• Homework 1: This homework set covers problems on discrete dynamic programming and model predictive control. (Due same day as excercise session E4). Here is the first homework set: [pdf].

Matlab code

Here are some Matlab routines that are used in the excerise notes. You may use this for the solution of your homeworks.

Written exam
You may use Beta Mathematics Handbook and the following formula sheet (pdf) . The exam will consist of five problems that give maximally 50 points. These problems will be similar to those in the homework assignments and the tutorial exercises. The preliminary grade levels are distributed according to the following rule, where the total score is the sum of your exam score and maximally 6 bonus points from the homework assignments (max credit is 56 points). These grade limits can only be modified to your advantage.

Total credit (points) Grade
45-56 A
39-44 B
33-38 C
28-32 D
25-27 E
23-24 FX
The grade FX means that you are allowed to make an extra assignment, see below.

• You need to register for the exam.

If your total score (exam score + maximum 6 bonus points from the homework assignments and the computational exercises) is in the range 23-24 points then you are allowed to do an extra assignment. The solutions should be handed in to the examiner in written form and you must be able to defend your solutions in an oral examination. Contact the examiner no later than three weeks after the final exam if you want to do this.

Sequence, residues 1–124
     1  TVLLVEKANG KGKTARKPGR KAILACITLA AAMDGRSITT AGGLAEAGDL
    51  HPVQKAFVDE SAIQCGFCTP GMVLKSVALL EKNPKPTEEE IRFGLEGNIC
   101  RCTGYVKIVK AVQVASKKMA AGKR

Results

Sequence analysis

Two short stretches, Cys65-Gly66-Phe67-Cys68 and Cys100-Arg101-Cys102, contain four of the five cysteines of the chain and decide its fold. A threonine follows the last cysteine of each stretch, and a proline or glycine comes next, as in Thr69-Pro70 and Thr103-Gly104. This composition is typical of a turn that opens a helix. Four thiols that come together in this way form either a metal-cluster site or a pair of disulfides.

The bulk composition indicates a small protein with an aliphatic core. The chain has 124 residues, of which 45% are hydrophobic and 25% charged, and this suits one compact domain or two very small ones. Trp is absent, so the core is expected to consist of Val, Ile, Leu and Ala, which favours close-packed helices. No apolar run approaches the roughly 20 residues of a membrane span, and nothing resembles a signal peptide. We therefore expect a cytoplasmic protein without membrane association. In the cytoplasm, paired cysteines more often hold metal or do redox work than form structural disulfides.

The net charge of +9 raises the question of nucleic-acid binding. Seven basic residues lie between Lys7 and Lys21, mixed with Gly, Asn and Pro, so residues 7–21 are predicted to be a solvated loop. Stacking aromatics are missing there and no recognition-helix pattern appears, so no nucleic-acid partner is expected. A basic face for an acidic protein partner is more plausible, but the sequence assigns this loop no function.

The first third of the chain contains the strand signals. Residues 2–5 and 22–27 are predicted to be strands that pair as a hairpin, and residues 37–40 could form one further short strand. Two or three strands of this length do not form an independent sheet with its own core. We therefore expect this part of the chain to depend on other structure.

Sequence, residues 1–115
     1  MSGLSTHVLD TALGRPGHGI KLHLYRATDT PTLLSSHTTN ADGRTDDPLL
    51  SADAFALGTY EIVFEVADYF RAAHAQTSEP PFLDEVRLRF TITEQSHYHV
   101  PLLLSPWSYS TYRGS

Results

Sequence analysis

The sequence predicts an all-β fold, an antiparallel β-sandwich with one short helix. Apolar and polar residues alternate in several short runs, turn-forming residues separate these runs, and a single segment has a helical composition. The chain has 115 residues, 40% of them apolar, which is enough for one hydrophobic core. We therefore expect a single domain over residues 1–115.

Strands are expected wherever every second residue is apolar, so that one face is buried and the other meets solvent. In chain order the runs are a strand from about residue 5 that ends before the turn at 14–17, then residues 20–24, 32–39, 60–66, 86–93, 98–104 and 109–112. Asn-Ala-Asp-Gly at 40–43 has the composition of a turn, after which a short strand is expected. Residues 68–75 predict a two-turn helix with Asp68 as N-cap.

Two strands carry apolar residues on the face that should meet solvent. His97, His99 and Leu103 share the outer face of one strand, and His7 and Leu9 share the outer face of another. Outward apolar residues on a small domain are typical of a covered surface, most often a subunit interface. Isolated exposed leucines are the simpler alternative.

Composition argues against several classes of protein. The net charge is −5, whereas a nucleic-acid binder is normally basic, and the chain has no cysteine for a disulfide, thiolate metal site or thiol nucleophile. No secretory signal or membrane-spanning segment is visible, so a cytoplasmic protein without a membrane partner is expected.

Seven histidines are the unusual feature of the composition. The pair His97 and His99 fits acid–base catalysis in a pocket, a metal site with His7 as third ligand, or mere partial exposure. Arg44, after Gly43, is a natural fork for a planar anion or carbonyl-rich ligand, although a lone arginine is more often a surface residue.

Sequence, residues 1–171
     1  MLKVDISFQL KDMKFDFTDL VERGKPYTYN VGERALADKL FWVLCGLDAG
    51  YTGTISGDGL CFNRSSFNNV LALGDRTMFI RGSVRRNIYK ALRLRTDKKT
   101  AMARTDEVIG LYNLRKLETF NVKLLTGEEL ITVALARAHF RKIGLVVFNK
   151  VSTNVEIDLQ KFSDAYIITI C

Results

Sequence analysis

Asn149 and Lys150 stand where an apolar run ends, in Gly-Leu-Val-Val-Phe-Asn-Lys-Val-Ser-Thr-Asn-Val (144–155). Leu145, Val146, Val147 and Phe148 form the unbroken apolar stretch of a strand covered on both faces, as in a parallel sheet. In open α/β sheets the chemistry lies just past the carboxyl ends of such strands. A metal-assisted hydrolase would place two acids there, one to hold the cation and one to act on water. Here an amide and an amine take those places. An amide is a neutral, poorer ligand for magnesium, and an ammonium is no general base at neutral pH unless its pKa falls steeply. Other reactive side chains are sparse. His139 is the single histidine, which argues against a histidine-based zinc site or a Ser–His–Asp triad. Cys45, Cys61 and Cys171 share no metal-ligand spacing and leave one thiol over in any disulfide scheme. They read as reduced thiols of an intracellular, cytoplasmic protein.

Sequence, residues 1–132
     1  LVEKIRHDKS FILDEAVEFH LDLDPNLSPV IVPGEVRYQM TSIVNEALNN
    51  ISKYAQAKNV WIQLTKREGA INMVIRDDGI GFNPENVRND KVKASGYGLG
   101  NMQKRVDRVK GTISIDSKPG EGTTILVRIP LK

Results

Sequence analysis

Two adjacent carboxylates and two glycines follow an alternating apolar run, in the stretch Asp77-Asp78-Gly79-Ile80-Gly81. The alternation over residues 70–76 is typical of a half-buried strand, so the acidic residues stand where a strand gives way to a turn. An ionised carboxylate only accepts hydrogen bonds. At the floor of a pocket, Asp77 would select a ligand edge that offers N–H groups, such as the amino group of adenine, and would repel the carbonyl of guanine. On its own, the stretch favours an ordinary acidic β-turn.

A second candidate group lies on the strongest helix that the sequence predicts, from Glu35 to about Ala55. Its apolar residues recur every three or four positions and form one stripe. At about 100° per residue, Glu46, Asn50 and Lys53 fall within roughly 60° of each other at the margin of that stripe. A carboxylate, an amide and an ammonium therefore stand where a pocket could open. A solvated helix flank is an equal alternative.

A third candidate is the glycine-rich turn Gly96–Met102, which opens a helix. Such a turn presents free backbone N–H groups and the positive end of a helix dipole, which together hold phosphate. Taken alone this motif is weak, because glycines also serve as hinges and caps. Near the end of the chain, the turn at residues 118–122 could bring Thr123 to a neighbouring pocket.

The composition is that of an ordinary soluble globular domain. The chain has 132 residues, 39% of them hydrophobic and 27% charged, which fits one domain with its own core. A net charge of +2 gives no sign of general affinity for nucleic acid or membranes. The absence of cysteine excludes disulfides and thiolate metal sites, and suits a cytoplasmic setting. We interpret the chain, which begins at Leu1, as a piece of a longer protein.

Course evaluation
At the end of the course you will be asked to complete a course evaluation form online.

Preliminary schedule for 2022
Type Date Time Room Topic Content (preliminary)
L1 2022-08-29 15:15 E2 Introduction
Discrete dynamic programming
Pages 17-23
L2 2022-08-30 10:15 E2 Discrete dynamic programming
Discrete PMP
Pages 22-24
L3 2022-08-31 13:15 E52 Discrete dynamic programming
Infinite time horizon
Pages 24-26
E1 2022-09-01 08:15 E2 Discrete dynamic programming
Linear systems
L4 2022-09-05 10:15 E51 Model predictive control
Handout
E2 2022-09-06 10:15 E2 Model predictive control

L5 2022-09-07 15:15 E51 Dynamic programming
Pages 35-39
E3 2022-09-08 08:15 E2 Dynamic programming

L6 2022-09-12 10:15 E51 Dynamic programming
and review
Pages 5-7, 39-44
L7 2022-09-13 10:15 E51 Mathematical preliminaries
(ODE theory etc)
Pages 47-54
L8 2022-09-14 13:15 Q21 Pontryagins minimum principle
(PMP) (using small variations)
Pages 59-62 and a basic example
E4 2022-09-15 08:15 E2 PMP I

L9 2022-09-19 10:15 E2 PMP (control constraints)
Examples on pages 62-63 and 74-75
L10 2022-09-21 13:15 E35 PMP (optimal control
to a manifold)
Pages 71-81
L11 2022-09-22 08:15 E2 PMP (generalizations)
Pages 81-88
E5 2022-09-26 10:15 E51 PMP II:
Time optimal control
L12 2022-09-28 13:15 E2 Numerical methods
Pages 121-130
E6 2022-09-29 08:15 E2 PMP III

L13 2022-10-03 10:15 Q21 PMP applications
Pages 90-96
L14 2022-10-05 13:15 E2 Computational methods Seminar
(student presentation)
E7 2022-10-06 08:15 E2 PMP IV

L15 2022-10-11 10:15 E2 Topics: Infinite time horizon
optimal control
Pages 97-109
L16 2022-10-12 13:15 E2 Review

E8 2022-10-13 08:15 E2 Infinite time horizon optimal control and
Review: old exams
Exam 2022-10-27 08:00 Exam

Some of last years exams can be found here:
2020
exam and solutions 20201022.
exam and solutions 20201216.
2019
exam and solutions
2018
exam and solutions
2017
exam and solutions
exam and solutions
2016
exam and solutions
exam and solutions
2015
exam and solutions